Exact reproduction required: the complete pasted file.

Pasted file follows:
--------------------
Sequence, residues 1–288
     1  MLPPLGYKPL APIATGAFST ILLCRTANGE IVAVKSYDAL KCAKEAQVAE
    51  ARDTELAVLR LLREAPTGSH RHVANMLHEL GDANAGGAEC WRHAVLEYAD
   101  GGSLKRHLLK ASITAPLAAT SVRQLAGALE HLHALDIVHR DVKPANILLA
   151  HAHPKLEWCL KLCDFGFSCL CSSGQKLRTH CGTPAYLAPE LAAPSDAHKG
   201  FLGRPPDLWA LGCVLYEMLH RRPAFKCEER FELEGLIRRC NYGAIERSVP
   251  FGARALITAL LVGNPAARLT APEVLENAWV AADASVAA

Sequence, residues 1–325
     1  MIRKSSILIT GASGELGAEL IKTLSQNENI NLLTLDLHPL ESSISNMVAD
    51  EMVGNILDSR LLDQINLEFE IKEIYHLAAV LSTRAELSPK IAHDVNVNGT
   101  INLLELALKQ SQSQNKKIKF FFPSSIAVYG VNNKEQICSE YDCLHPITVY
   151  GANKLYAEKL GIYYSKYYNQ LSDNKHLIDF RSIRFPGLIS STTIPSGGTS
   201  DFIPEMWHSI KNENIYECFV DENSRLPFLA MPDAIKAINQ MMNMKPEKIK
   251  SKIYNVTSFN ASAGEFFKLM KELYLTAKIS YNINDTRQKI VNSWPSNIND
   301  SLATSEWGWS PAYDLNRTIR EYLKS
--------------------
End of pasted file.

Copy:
Sequence, residues 1–288
     1  MLPPLGYKPL APIATGAFST ILLCRTANGE IVAVKSYDAL KCAKEAQVAE
    51  ARDTELAVLR LLREAPTGSH RHVANMLHEL GDANAGGAEC WRHAVLEYAD
   101  GGSLKRHLLK ASITAPLAAT SVRQLAGALE HLHALDIVHR DVKPANILLA
   151  HAHPKLEWCL KLCDFGFSCL CSSGQKLRTH CGTPAYLAPE LAAPSDAHKG
   201  FLGRPPDLWA LGCVLYEMLH RRPAFKCEER FELEGLIRRC NYGAIERSVP
   251  FGARALITAL LVGNPAARLT APEVLENAWV AADASVAA

Sequence, residues 1–325
     1  MIRKSSILIT GASGELGAEL IKTLSQNENI NLLTLDLHPL ESSISNMVAD
    51  EMVGNILDSR LLDQINLEFE IKEIYHLAAV LSTRAELSPK IAHDVNVNGT
   101  INLLELALKQ SQSQNKKIKF FFPSSIAVYG VNNKEQICSE YDCLHPITVY
   151  GANKLYAEKL GIYYSKYYNQ LSDNKHLIDF RSIRFPGLIS STTIPSGGTS
   201  DFIPEMWHSI KNENIYECFV DENSRLPFLA MPDAIKAINQ MMNMKPEKIK
   251  SKIYNVTSFN ASAGEFFKLM KELYLTAKIS YNINDTRQKI VNSWPSNIND
   301  SLATSEWGWS PAYDLNRTIR EYLKS